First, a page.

recall the examples of it. It has been openly declared
in the South and frequently carried into execution on
Mississippi. So also the secret
obstruction of railroads to precipitate passenger trains
to destruction. Arson was organized to fire Northern
cities. Assassination . . . is brought into play to
restore or avenge a defeated cause. Is it not in
accordance with all this . . . that these insurgents
should conspire to sink, explode and fire the vessels
conveying our returning soldiers?"
account is derived from the records and briefs in the
two test suits brought by Thomas Sherlock et al., owners
of the United States
mail steamboats, against the
insurance company and the Globe insurance company. 25 Ohio
state reports, 33, 50.
Commercial, February 11, 1866.
February 11, 1866.
 C. F.
Cincinnati, the queen city,
1788-1918 (Chicago, Cincinnati, 1912), 2:106.
Democrat, August 24, 1865.
following table lists the boats destroyed, and notes
newspaper accounts of the disasters.
December 16, 1865,
value $60,000, at mound City.
Cincinnati Enquirer, December 16
January 5, 1866,
Carroll, $125,000, Louisville.
Ayres, in the Oomulgee river.
Christopher, Savannah river.
Stannard, $52,000, Ouachita river.
Mississippi river near mouth of
January 31, and February 2.
Ibid., January 31
Carter, $126,000, 35 miles above
February 6. Cincinnati
Commercial, February 4, 5.
Bruner, $37,000, mouth of Red river. Ibid.,
Lady Grace. Cincinnati
Enquirer, February 11.
$24,000, near Memphis. Cincinnati
Argus, February 20.
$80,000, near East Liverpool, Ohio.
Commercial, February 24, 25;
Enquirer, February 24, 27.
Beyers, $30,000, near Madison, Indiana.
February 25, March 8.
Leviathan, $150,000, and Dictator,
Republican, February 27;
Commercial, February 28.
$30,000, Red river.
Times, March 4;
Cincinnati Enquirer, March 7.
Ibid., March 6.
Lockwood, $60,000, near Memphis.
March 6, 7; Cincinnati
Commercial, March 6.
B. H. May,
$10,000, Savannah river.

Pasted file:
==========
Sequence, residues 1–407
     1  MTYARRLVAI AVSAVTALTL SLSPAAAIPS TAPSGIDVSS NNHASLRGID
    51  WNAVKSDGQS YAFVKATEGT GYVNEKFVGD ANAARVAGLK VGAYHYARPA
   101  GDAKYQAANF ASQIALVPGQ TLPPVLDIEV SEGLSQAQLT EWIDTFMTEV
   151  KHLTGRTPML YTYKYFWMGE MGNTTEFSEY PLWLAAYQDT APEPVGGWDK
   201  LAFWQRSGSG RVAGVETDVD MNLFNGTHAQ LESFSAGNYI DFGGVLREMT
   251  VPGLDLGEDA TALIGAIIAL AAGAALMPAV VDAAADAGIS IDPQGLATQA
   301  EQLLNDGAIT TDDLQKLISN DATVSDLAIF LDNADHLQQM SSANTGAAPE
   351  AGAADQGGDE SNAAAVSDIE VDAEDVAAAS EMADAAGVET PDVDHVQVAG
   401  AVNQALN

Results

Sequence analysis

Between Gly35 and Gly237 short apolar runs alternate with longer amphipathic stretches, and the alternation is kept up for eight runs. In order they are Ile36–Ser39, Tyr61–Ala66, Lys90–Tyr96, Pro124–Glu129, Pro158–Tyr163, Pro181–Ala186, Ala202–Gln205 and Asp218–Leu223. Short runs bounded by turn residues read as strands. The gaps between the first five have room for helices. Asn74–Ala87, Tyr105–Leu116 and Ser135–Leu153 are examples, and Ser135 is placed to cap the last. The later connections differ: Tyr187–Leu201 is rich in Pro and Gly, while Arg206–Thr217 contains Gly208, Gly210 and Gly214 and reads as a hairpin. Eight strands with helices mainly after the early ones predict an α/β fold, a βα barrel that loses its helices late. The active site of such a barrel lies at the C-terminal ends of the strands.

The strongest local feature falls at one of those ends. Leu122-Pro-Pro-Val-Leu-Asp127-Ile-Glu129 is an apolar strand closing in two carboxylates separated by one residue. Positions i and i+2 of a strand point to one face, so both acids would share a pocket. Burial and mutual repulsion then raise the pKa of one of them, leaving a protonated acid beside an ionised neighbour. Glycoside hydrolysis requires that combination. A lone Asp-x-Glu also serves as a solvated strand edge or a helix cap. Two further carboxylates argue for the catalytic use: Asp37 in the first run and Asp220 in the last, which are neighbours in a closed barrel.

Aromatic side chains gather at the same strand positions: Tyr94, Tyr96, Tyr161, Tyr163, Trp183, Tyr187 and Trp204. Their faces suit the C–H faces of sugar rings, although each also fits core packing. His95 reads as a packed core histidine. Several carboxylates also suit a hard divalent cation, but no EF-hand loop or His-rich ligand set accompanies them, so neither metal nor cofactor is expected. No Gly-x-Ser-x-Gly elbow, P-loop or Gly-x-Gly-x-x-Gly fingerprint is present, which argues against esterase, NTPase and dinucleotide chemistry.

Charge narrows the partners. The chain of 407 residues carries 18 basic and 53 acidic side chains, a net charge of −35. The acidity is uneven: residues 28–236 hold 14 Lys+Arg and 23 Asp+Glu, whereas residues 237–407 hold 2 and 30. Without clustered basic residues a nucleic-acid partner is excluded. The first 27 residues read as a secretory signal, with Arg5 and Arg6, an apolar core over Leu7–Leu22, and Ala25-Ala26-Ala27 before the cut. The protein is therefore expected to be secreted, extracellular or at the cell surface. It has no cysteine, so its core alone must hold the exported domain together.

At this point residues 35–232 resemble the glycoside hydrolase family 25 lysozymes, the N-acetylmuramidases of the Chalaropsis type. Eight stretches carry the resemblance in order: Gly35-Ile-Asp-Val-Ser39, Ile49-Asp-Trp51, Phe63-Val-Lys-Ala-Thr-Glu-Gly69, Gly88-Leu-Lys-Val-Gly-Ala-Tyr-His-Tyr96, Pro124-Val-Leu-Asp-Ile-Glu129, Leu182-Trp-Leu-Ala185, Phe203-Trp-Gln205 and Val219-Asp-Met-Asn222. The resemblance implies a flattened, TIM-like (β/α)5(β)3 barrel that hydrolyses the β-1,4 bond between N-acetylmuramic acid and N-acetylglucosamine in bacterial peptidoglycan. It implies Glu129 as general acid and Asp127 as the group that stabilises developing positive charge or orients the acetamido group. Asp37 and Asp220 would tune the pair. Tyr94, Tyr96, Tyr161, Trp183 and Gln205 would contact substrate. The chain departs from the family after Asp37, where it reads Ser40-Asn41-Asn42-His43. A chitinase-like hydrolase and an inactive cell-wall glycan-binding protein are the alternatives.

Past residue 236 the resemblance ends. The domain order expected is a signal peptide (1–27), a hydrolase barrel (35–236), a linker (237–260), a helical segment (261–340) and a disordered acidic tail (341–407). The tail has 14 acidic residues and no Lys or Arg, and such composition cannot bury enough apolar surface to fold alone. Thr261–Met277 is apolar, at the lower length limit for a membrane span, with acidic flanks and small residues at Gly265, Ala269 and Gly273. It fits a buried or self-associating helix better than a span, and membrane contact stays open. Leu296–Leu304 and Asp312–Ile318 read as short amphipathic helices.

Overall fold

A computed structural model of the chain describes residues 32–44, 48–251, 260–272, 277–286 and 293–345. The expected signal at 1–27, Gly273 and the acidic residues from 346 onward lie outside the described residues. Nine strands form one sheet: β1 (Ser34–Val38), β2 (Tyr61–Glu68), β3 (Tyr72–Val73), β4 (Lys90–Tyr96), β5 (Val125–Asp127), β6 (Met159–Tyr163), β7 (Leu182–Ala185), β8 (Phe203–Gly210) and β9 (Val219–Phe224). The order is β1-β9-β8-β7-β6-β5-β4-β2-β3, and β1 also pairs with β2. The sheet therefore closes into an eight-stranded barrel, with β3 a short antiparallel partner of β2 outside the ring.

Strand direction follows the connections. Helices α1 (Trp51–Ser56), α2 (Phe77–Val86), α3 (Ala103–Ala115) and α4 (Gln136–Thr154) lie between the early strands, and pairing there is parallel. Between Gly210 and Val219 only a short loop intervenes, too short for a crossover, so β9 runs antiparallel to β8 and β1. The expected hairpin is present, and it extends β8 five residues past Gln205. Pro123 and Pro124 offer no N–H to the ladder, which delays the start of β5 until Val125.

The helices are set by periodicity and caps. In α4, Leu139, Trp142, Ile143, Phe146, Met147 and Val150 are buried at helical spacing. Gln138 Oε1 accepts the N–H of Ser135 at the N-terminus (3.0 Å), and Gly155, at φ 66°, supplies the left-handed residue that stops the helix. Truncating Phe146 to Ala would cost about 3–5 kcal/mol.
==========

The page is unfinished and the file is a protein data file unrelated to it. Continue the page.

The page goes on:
Constitutionalist, March 8.
No. 2. (Ferry-boat), $15,000, at Covington,
Enquirer, March 14.
Frank Bates, $60,000, Fanny
Majors, $25,000, and
Deans, $30,000 at St.. Louis.
St. Louis Republican, April 8.
$50,000, near Pittsburg.
Enquirer, April 14, 15.
There were 910 registered
steamboats on western rivers reported in 1866, accordng
to the Cincinnati Enquirer, January 20, 1866. The
losses, during the four months noted, equaled nearly
one-twelfth of the total registered.
Enquirer, February 6, 1866.
Enquirer, February 7, 28, 1866.
 Copied in
Cincinnati Commercial, February 11, 1866, and
Enquirer, February 14, 1866.
 The local
published a communication about tubular boilers in which
"The great and insuperable objection to the
tubular boiler lies in the form of its construction.
Those using them have thought it necessary in order to
render them as perfect as possible, to fill almost the
entire shell of the boiler with a number of small tubes
of, in some instances, less than six inches diameter;
and in many cases so close were these tubes together,
that less than one inch of water space was left between
them and the sides of the shell. . . . The blowers and
escapements from the engine of the exhausted steam were
turned into the chimneys and then the tubulars were
found to work admirably and to generate steam with great
rapidity; and everybody must have tubular boilers. But .
. . the thin sheet of water within these boilers then
became troublesome to manage . . . and no human
watchfulness and skill could keep such boilers well,
properly and safely supplied with water. So well was
this feature of the working of these boilers known, that
many of the best and most skillfull of our engineers
refused to go on boats which had them in at all. Indeed,
there can be but little doubt that some of these late
and terrible disasters that have happened are to be
attributed to this cause alone. . . . Another and grave
objection against the use of these boilers is found in
the fact that, in order to obtain sufficient fire
surface to generate steam, it was necessary to increase
the size of the shell, and many of such boilers are in
use at this time, or recently so, particularly in the
ill-fated Missouri and W. R. Carter. The boilers of both
these boats were forty-six inches in diameter, with
nineteen six-inch flues, or return flues, each. Now in
order to obtain the amount of pressure the owners of
these boats required, it became necessary, under the
law, to increase the thickness of the iron of which the
shells were made. . . . The outer lap of the sheet, with
such thick iron as was in either of these boats was so